New Zealand Herald
January 21, 2001
LOTR Trailer Promises
Great Things to Come
You could say it's a sight for sore ears - we've heard so much about Peter Jackson's Lord of the Rings trilogy, it's about time the other senses participated.
They certainly did that today.
For after the one minute 44 seconds of film that constituted the first cinema trailer for Peter Jackson's Lord of the Rings trilogy rolled at the 12.30 pm session of The Cell, some odd symptoms kicked in. There was a lumpening of the throat, a tingling of the spine, and a general irrigation of at least one tear duct.
It looks fabulous, right from its opening frames when the ring, its inner engraving shining in firelight, spirals into the hands of Elijah Wood's Frodo.
Then it's on through battlefields (one an ashen grey teeming with armoured figures, another recognisably Canterbury tussock country), a shot of the fellowship of the ring trekking up a snowbound ridge (Mount Somewhere-in-the-South Island? Or Ruapehu?), close-ups of Sir Ian McKellen as a weathered wizard Gandalf and Cate Blanchett who, as Galadriel, delivers the only line of dialogue of the trailer to a wide-eyed Frodo: "Even the smallest person can change the course of time."
Yes, it also does all the usual trailer things - like having a man of very deep voice delivering a cosmic commentary, while the sweeping accompanying music sounded to these ears like a near-relation of Carl Orff's heroic Carmina Burana, though it may just be there for the trailer.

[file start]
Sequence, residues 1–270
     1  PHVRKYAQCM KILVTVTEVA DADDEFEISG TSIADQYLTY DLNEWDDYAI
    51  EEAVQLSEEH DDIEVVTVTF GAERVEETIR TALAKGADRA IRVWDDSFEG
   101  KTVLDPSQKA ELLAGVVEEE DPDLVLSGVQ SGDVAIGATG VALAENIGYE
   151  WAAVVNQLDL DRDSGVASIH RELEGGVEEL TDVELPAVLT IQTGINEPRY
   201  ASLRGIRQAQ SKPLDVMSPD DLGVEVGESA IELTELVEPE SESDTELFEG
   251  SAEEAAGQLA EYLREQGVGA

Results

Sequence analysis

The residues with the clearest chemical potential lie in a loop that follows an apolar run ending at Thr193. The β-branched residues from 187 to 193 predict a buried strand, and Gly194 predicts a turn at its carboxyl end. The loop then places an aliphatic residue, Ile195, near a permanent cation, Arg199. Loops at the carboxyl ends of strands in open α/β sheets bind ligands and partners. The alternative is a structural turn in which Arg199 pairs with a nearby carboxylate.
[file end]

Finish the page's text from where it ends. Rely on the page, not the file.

It saved its best for last. A vivid oil painting of a shot set against background of a sky of otherworldly blue and a mountain where the Fellowship of the Ring nearly stride out of the screen in slow motion, with the warrior-like Boromir (Sean Bean) and Aragorn (Viggo Mortensen) bringing up the rear and showing Middle Earth is no testosterone-free zone.
Funnily enough, straight after the trailer came a New Zeland Army recruitment advertisement - quite a few soldiers were extras and builders on the trilogy.
Yes the trailer is running on the internet too but up on the big screen, it already looks like a couple of hundred million dollars well spent and - if we can be so bold - that on looks alone, the project of our Mr Jackson is a surefire hit. If nothing else, it's the best 104 seconds I've spent at the cinema in ages.